What can you tell us about some accomplishments your team is proud of?The reamarkable thing about our department is that we have been able to support an organization marked by extraordinary growth. When I first came to the company in 2006, the Niagara property was erecting its first hotel tower. In rapid succession since then, there has been the build out of the permanent facility at Allegany, the opening of a property at Buffalo Creek, the building of a second hotel tower and expansion of the Allegany property, the expansion and permanent facility at Buffalo Creek, opening Hickory Stick Golf Course and many renovations, and expansions at all of the properties. Along the way, the team has stood shoulder -to -shoulder with the business integrating complex systems that transform the way our business operates. The ability to keep up the pace with this kind of growth is facilitated by a strong IT governance structure. This framework has been, and will continue to be, extremely important to us. It is something that we continuously refine and improve on. We are proud of the methodologies we follow and the model we have in place for managing projects and the alignment with the business that it brings both now and for the future.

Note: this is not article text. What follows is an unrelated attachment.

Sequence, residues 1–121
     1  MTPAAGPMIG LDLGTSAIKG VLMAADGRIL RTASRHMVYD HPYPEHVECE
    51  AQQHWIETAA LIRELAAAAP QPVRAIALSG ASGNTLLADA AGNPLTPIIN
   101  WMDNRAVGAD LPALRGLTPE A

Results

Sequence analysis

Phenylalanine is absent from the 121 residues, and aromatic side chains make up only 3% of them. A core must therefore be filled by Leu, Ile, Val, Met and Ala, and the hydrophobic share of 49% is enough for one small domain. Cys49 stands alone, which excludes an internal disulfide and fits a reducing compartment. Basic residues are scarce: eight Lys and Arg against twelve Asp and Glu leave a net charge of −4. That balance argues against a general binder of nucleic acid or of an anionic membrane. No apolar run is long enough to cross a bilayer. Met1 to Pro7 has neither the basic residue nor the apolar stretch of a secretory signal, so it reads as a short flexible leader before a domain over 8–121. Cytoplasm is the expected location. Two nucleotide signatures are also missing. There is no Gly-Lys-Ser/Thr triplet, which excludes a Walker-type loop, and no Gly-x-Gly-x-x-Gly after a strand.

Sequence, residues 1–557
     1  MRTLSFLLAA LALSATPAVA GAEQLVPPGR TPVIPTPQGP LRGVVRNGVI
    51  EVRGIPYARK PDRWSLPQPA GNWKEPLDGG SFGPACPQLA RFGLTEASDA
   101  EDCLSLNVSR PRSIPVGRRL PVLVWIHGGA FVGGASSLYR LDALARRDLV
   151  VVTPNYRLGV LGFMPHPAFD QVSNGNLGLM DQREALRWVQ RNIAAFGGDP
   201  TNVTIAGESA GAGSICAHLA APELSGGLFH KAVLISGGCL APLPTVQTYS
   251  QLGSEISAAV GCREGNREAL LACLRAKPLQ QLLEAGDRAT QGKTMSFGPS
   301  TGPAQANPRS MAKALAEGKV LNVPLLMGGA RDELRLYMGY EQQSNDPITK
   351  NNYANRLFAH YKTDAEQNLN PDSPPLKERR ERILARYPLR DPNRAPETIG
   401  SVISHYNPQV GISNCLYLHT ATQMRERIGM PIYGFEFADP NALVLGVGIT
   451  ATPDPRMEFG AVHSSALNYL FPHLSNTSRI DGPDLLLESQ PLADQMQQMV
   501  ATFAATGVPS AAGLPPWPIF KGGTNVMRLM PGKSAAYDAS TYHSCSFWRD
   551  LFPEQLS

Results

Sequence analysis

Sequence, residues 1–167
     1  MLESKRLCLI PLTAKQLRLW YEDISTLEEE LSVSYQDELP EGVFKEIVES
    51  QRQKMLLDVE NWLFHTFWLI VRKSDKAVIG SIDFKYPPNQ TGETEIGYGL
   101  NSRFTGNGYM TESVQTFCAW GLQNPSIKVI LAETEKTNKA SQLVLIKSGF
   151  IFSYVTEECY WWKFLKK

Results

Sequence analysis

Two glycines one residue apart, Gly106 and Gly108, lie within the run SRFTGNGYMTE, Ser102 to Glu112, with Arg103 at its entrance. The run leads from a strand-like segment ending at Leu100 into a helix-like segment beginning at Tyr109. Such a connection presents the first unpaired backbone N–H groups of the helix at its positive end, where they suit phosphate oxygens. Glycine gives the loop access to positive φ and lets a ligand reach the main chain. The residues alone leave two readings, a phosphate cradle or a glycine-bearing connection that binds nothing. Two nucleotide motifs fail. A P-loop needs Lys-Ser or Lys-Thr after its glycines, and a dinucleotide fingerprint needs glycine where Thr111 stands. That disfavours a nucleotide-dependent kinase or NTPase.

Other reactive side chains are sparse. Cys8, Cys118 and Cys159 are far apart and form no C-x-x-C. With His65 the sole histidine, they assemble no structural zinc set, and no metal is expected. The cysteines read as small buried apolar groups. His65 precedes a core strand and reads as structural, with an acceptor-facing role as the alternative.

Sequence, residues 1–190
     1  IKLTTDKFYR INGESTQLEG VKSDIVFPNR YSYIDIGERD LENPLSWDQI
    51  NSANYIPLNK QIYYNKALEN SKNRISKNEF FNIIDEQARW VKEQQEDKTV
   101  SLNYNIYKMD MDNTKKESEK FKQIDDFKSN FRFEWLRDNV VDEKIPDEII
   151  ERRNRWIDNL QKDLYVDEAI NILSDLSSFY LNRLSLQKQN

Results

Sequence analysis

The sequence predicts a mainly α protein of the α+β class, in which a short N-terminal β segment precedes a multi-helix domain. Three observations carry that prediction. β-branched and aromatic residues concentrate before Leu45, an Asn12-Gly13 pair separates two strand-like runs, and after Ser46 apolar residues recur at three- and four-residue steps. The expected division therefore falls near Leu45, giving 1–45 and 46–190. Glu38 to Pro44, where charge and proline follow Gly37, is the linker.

What can you share with us about your path to becoming a CIO? I've been with Seneca Gaming for almost 11 years working my way through roles in support services, information security and assurance IT roles. My educational background is in both Business and Information Systems. I've been in the CIO role now for about five months and when I was first promoted to this position, I got a call from a colleague to congratulate me on the accomplishment. It was during that conversation that he mentioned that he thought I was the first Native woman to become CIO. It really hit me and the question started to come up in my mind of "how many other women are CIO's". Then to take it a step further, how many Native American women have become CIO's? I can honestly say that I don't know the answer to that and I am not sure the statistic even exists, but what I do know is that it made me think of this opportunity as a call to action. How can we change the underrepresentation of women at the executive level? Sharon Florentine, reports in her January 2015 rticel in www.cio.com that "women represent on 20 percent of CIO's at Fortune 250 companies. I'm taken back by this. By for me, personally the statement brought something else to light: if women are underrepresented, Native American women are an even smaller minority of that group. I don't have an answer to how I would affect the change necessary to improve that statistic, yet; but I know that for me it's a call to action!